Beside the need for more funding for research, Steve and Suzanne Heronemus want more people to understand this devastating disability.
Steve Heronemus recently turned 50. Five years ago he began to experience muscle twitches in his arms.
"The first doctor said, 'It's really nothing, don't worry about it. Call again if anything changes.' Well, a year later I noticed, not only were the twitches not going away, but I was starting to drop things and have weakness in my right hand. So I went to a different doctor, and after a few tests he came out and told me, 'You're dying'," Steve said.
In 2008, Steve starting falling and had to use a wheelchair.
"That was very difficult for me to accept, and I still will walk around with assistance as much as I can," said Steve.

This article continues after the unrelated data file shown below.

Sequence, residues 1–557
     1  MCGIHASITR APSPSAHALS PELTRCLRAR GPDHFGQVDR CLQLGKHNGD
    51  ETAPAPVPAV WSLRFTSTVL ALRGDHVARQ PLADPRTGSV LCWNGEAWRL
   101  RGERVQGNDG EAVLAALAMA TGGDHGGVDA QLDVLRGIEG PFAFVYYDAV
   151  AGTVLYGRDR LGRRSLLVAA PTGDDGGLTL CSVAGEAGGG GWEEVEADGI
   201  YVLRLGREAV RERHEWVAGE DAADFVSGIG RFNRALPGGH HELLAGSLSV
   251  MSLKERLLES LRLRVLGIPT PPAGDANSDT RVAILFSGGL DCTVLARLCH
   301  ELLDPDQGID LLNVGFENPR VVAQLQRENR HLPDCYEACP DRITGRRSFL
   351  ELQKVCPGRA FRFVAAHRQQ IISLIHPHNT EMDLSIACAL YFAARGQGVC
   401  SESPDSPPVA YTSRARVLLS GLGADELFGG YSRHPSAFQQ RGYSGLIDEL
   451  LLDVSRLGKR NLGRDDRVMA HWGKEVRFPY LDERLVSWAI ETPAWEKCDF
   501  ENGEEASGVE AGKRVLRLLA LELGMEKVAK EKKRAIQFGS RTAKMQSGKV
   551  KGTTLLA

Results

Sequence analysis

Determined to stay as independent as he can, Steve continues to work full-time as an IT consultant, with accommodations.
"They have been very supportive in allowing me to work at home, to get me computer resources and get me voice recognition software so I can use the computer without using my hands," Steve said.
Situations like this are difficult.
"I have some acquaintances and friends who don't talk to me very much anymore because they are uncomfortable with the situation," said Steve.
Maintaining an upbeat and positive environment is challenging, says Suzanne.
"We have to face the day in the best way we can," Suzanne said. "I've got four kids. Their lives have to be as normal as possible. The disease has already stolen so many things from us; I will not let it steal anymore from my children than it has to take away."
The Heronemus family wants more effort put into ALS.
"I would like to see blue and white ribbons out there as much as I see pink ribbons," said Suzanne. "I would like somebody to see that and say, 'Oh, that's ALS, and we are going to buy this product and support this sponsor, this corporation because they're willing to put money out there for a cure.' I'd like to hear people talking about it."
Steve and Suzanne are active in the Les Turner ALS Foundation. For more information go www.lesturnerals.org.